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Dynamic changes in sleep characteristics and pre-sleep arousal during cognitive behavioral therapy for insomnia as predictors of treatment response

Evans, Marissa Ann (2023) Dynamic changes in sleep characteristics and pre-sleep arousal during cognitive behavioral therapy for insomnia as predictors of treatment response. Doctoral Dissertation, University of Pittsburgh. (Unpublished)

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Insomnia is a highly prevalent and distressing sleep disorder that is strongly associated with poor health among older adults. Cognitive-behavioral therapy for insomnia (CBT-I) is an evidence-based treatment for insomnia. Clinicians use patients’ daily sleep diaries to monitor and modify treatment during each of eight sessions. Prior research on CBT-I, however, attempts to draw conclusions about the course of CBT-I by analyzing changes from pre-intervention to post-intervention only. The objective of this study was to more closely match clinical care by assessing dynamic changes in sleep characteristics and pre-sleep arousal during the course of CBT-I to predict treatment response.

Ninety-four older adults (Mage = 68) completed daily sleep diary data for twelve weeks (Mdays= 70) before, during, and after CBT-I. Diary data were used to assess pre-sleep arousal, sleep latency, efficiency, quality, duration, wake after sleep onset, and alertness. We assessed dynamic changes in sleep and pre-sleep arousal by latent growth curve modeling, as well as their bidirectional association by random-intercept cross-lagged panel modeling. We used these models to predict treatment outcome, defined as the change in the Insomnia Severity Index score from pre- to post-intervention.

All models of change were best characterized by non-linear quadratic terms. We observed substantial improvements in wake after sleep onset, sleep efficiency, sleep duration, and sleep quality. We also observed statistically significant, yet less substantial, changes in pre-sleep arousal and alertness. In models of bidirectional associations, higher levels of alertness assessed at one timepoint predicted subsequent lower levels of pre-sleep arousal at the next timepoint when adjusted for previous levels of both variables. Greater improvements in sleep efficiency and sleep quality predicted better treatment outcomes, whereas sharper initial declines in alertness portended poorer treatment outcomes. Pre-intervention data did not predict treatment outcome.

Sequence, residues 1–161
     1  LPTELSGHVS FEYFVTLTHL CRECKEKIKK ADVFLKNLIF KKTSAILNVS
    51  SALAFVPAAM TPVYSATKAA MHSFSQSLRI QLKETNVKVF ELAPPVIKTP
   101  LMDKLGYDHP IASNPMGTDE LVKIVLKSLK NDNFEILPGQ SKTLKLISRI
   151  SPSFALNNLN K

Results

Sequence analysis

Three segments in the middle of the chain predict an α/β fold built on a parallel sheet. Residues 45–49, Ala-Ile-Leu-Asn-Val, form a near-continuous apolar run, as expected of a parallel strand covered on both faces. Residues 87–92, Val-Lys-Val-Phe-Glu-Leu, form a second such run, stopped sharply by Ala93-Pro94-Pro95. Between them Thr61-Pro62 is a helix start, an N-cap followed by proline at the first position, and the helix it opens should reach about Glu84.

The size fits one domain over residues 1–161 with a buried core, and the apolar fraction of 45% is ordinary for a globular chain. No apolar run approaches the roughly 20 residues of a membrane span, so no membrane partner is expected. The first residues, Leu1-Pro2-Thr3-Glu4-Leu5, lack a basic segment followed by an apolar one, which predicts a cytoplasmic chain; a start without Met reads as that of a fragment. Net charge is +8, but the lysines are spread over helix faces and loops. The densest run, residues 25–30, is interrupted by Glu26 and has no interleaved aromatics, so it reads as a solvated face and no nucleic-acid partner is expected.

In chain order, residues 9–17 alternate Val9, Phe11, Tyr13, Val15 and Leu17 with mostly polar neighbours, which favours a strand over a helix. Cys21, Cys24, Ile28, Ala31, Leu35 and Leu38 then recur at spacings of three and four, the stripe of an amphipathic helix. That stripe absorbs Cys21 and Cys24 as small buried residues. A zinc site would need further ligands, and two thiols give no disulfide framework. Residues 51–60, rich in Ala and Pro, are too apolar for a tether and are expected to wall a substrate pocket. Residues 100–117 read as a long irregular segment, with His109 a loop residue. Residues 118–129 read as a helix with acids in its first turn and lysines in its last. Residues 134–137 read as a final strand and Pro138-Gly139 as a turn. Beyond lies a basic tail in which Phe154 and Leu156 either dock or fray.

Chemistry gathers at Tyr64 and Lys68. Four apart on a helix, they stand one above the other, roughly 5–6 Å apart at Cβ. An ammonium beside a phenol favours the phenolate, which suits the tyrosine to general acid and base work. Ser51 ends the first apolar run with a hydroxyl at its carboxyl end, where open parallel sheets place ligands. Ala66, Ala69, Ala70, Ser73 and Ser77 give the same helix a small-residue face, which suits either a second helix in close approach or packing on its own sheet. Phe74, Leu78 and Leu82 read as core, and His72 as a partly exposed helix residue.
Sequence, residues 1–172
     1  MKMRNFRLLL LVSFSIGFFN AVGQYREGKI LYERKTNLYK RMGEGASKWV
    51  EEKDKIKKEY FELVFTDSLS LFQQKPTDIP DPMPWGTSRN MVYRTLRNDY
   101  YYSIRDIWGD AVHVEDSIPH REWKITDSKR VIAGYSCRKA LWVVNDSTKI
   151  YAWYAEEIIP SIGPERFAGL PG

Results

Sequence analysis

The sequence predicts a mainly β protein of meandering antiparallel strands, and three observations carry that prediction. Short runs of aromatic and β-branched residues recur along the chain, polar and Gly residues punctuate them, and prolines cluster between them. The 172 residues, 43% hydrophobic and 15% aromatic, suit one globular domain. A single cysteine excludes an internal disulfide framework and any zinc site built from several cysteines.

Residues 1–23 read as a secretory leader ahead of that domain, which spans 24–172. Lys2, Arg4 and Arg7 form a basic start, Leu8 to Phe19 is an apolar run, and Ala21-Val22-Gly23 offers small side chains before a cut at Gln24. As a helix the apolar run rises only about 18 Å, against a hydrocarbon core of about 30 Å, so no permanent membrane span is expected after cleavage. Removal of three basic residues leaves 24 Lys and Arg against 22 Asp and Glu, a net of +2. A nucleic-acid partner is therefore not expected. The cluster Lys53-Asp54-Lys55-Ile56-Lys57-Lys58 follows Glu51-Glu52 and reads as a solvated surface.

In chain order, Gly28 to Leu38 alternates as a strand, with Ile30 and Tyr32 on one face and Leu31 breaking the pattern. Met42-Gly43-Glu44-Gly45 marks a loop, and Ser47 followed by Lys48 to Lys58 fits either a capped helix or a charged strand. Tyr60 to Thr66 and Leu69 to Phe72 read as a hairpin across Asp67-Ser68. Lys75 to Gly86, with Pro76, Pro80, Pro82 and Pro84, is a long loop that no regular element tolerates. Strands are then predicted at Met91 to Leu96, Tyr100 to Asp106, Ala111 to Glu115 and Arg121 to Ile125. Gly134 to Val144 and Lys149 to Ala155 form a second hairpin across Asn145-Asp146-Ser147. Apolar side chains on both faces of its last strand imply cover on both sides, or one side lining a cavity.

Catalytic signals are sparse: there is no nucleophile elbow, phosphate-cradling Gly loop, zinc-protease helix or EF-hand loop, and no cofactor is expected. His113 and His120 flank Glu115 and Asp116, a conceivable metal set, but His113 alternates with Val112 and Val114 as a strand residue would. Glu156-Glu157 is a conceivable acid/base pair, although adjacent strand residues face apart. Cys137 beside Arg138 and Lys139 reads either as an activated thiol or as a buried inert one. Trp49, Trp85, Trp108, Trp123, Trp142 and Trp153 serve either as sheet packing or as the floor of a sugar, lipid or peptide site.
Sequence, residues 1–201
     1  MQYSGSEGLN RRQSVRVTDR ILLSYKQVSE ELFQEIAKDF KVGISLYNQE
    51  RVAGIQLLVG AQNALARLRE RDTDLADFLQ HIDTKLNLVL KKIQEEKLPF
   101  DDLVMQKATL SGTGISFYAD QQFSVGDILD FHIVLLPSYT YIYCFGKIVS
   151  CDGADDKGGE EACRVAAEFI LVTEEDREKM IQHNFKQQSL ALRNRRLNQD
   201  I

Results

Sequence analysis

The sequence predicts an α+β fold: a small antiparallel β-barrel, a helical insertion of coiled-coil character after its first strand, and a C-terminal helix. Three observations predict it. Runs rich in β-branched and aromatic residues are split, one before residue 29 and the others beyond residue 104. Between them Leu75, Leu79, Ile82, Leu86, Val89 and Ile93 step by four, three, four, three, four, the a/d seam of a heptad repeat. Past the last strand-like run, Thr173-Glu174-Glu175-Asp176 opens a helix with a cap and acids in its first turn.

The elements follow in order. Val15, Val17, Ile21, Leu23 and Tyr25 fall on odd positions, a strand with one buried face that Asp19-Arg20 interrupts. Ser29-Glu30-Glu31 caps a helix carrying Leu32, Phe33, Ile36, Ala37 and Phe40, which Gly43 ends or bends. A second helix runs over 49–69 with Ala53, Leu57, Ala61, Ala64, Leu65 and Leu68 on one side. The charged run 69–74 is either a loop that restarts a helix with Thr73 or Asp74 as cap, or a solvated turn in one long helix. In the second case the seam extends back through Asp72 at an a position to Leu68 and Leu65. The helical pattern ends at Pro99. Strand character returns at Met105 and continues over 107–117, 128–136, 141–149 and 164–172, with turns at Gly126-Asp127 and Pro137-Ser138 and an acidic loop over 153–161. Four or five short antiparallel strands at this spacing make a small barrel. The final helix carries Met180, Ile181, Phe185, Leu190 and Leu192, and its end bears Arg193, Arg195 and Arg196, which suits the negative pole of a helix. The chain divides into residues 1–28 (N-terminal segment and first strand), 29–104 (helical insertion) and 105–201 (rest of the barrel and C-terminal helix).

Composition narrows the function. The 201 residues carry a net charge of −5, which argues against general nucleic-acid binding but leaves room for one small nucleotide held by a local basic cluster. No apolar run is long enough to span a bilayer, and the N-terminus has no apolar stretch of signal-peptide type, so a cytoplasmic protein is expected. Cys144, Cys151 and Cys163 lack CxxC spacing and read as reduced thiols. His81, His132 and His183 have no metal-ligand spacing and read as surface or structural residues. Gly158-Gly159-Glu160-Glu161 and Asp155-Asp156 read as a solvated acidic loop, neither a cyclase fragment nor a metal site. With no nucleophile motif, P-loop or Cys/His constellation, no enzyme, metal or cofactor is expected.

This study was the first to our knowledge to apply advanced statistical methods to model the dynamics of sleep and pre-sleep arousal data collected throughout the course of CBT-I. Our results demonstrate that documenting and observing changes during therapy has added benefit for effective patient care over contemporary pre-post intervention analyses.


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Item Type: University of Pittsburgh ETD
Status: Unpublished
CreatorsEmailPitt UsernameORCID
Evans, Marissa Annmarissa.evans@pitt.eduMAB5380000-0002-9146-7890
ETD Committee:
TitleMemberEmail AddressPitt UsernameORCID
Committee ChairMarsland, Anna
Committee MemberBuysse, Daniel
Committee MemberKamarck, Thomas
Committee MemberKline, Christopher
Committee MemberRoecklein, Kathryn
Committee MemberWright, Aidan G
Date: 6 September 2023
Date Type: Publication
Defense Date: 20 April 2022
Approval Date: 6 September 2023
Submission Date: 27 April 2022
Access Restriction: No restriction; Release the ETD for access worldwide immediately.
Number of Pages: 90
Institution: University of Pittsburgh
Schools and Programs: Dietrich School of Arts and Sciences > Psychology
Degree: PhD - Doctor of Philosophy
Thesis Type: Doctoral Dissertation
Refereed: Yes
Uncontrolled Keywords: insomnia, cognitive behavioral therapy, older adults, latent growth curve model, clinical psychology, health psychology
Date Deposited: 06 Sep 2023 15:12
Last Modified: 06 Sep 2023 15:12


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